While it becomes increasingly easy to believe that the nonprofit sector’s glass is half empty at the present moment, the reality is that people want to help nonprofits, and they are stepping up. If you don’t believe it, I thought I’d share some of the many places you can go to get some really good, heartening news.
At the same time that 80 percent of US nonprofits surveyed were telling the BBB Wise Giving Alliance that they expect revenues will be down in 2020, Fidelity Charitable announced that giving from its donor-advised funds was up 36% this March compared to the same time last year.
Fidelity surveyed its donors who had given at least $1,000 during the second half of March. Over half had no plans to decrease their giving this year, and 25% said that they planned to increase their giving.
Including support just for COVID-19 related giving (which was $160.7 million as of yesterday, and up $20m since last Friday), total giving from Fidelity’s DAF donors so far in 2020 is well over $2 billion. This month Fidelity issued a “COVID-19 Relief Challenge” to its donors to give $200m before #GivingTuesdayNOW on May 5. This is clearly having a positive impact on their giving numbers.
If you haven’t yet read the Chronicle of Philanthropy’s April 9th article by Michael Theis titled “Giving From Donor-Advised Funds Surge as Pandemic Spreads” you should get on that now – it’s a barn-burner full of hope and a call to action. From the article:
Money is not simply flowing out of the funds. Donors are also contributing to their accounts, even though the slide in the stock market and the tumbling economy might have caused some supporters to pause their giving.
Deanna Spaulding, a spokeswoman at Fidelity Charitable, declined to provide figures for incoming gifts, but she added that the number of new fund accounts opened has also grown since the start of the year.”
And it’s not just Fidelity. DAF sponsors large and small all over the country are reporting the same thing.
Giving from funds at Schwab Charitable were up 21% February 14 – March 31 compared with the same period last year. Schwab “asked the Center for Disaster Philanthropy for a list of organizations responding to the pandemic globally and highlighted them on its website. Those organizations saw a nearly 450 percent increase (emphasis mine) in grant dollars from Schwab account holders.”
Over the past few weeks, the new CEO of the Silicon Valley Community Foundation, the place where tech millionaires and billionaires send their philanthropic dollars to DAF, has been calling donors asking them to spend at least 5% of their invested funds now. And she says they’re seeing donors answering the call.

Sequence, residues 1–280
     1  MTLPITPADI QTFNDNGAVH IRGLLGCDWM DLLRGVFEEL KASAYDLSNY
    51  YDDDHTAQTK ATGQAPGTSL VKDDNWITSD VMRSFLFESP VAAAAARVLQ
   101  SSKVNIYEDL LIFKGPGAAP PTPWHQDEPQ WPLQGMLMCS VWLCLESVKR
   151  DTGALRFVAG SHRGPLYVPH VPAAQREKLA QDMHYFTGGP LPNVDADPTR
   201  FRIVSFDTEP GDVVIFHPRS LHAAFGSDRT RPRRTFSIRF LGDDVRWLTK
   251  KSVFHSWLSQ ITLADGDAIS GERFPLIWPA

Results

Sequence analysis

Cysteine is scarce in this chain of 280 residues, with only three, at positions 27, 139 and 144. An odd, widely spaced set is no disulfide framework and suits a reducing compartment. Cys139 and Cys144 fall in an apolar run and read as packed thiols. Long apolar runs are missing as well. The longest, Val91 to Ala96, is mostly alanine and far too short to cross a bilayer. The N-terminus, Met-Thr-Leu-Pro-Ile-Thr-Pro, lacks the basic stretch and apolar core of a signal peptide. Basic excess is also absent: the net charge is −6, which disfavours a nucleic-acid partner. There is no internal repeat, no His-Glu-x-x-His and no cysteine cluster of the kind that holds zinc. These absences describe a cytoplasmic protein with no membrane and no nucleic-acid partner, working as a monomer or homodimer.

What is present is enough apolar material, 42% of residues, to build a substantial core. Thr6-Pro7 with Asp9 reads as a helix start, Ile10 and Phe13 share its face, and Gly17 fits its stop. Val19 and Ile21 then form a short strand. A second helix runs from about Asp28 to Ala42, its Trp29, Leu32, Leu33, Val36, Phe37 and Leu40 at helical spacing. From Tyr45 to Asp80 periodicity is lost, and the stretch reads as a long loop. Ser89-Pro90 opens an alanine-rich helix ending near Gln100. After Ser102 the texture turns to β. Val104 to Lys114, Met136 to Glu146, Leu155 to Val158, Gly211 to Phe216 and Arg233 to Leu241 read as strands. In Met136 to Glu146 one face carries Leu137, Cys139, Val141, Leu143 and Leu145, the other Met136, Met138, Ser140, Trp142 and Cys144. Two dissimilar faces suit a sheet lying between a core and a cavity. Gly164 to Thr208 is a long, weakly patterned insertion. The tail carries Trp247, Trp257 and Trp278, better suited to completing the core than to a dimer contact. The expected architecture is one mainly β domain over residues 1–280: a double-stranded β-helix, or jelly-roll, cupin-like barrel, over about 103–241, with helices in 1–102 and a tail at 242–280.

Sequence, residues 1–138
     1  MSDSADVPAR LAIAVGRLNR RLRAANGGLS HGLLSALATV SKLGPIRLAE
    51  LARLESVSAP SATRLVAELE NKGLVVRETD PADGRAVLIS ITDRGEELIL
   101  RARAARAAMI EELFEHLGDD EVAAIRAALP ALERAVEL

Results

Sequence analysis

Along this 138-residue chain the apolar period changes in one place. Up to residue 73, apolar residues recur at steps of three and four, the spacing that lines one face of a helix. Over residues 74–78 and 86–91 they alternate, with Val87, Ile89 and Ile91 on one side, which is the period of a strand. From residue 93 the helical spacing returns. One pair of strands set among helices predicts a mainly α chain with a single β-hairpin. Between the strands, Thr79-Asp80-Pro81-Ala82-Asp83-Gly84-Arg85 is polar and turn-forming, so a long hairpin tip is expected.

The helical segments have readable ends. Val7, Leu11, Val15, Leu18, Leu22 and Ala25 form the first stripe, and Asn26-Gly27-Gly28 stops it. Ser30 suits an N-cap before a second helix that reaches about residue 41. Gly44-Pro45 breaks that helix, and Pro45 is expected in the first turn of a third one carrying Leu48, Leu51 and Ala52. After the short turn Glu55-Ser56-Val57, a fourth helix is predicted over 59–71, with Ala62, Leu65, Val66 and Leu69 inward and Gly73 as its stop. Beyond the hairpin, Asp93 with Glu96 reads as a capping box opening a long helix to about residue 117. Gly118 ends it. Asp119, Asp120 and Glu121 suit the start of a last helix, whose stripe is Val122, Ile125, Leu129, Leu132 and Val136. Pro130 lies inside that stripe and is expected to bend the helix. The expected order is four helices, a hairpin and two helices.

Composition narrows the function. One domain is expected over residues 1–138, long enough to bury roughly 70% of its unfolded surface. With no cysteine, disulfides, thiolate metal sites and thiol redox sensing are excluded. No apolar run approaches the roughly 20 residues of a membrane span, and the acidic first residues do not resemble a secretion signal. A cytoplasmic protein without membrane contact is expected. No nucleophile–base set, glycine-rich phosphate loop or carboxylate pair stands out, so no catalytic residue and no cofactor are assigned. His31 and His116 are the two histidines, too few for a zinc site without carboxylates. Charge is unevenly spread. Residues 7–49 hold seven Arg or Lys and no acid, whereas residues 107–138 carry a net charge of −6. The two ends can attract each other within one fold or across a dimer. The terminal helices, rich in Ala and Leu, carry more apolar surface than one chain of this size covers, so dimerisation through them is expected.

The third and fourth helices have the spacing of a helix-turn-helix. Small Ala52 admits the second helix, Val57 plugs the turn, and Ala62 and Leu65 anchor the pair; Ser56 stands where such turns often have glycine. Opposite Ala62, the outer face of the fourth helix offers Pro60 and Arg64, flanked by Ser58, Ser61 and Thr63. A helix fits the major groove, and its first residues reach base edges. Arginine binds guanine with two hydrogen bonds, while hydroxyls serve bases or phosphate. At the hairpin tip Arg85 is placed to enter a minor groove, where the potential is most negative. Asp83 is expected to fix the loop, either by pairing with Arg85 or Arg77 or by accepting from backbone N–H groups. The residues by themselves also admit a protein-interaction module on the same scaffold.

Even smaller DAF sponsors are seeing a huge uptick. ImpactAssets DAF reported to Barrons that by the end of the second quarter of 2020 investments in its fund will exceed $143 million, more than total investments made in the fund for all of last year. Their DAF donors made more than 1,000 grants totaling $11 million from their DAFs last month, two times the number made in a normal March.
If there was ever a moment for DAF donors to allocate those funds they were saving for a crisis, it’s now, and they seem to be stepping up.
Who else is giving right now? Startups.
Earlier this month, Crunchbase reported that a number of startups had accelerated their philanthropic giving due to the pandemic. Their initial article listing 24 startups grew so fast that they abandoned adding to the article and embedded a running spreadsheet of companies, which is now up to 140. Check out the interactive list to see if there’s a company donating in your area.
Also, private and family foundations, companies, and LLCs
Candid reports on their new popup COVID giving/tracking webpage that total coronavirus giving they’ve counted so far stands right now at nearly $8 billion.
Just like the number of coronavirus cases out there, there is likely lots more giving that just hasn’t been counted yet.
Donors are eager to give and, as we pointed out two weeks ago, there are plenty of companies and industries that are doing really well right now. We may have to adapt or throw out some old ways of doing things and adopt new technologies and strategies, but it appears that as the need for funding has risen, so have the numbers of donors who want to be helpful.
Charity is off the charts amid the coronavirus. Is that a sign of America’s strength or weakness? By Laurence Darmiento, LA Times, 4/20/2020
Community Funders Balance Priorities in the Face of Overwhelming Needs, by Paul Karon. Inside Philanthropy, 4/22/2020
Special Report: Covid-19 and the Charitable Sector. Give.org BBB Wise Giving Alliance
Want to see some fascinating stats on email solicitations right now? NextAfter has created a web page chock-full of real-time analysis of 90 nonprofits with lovely charts and graphs showing
- The types of verticals in the analysis
- Median monthly visitors for each vertical (the top nonprofit type has 4x the visitors of #2)
- How has the average number of gifts changed Jan-April this year vs last?
- How has avg. revenue been affected in recent months? (Spoiler: it mostly hasn’t)
- How has each vertical changed their volume of messaging in recent months? (these numbers were really interesting).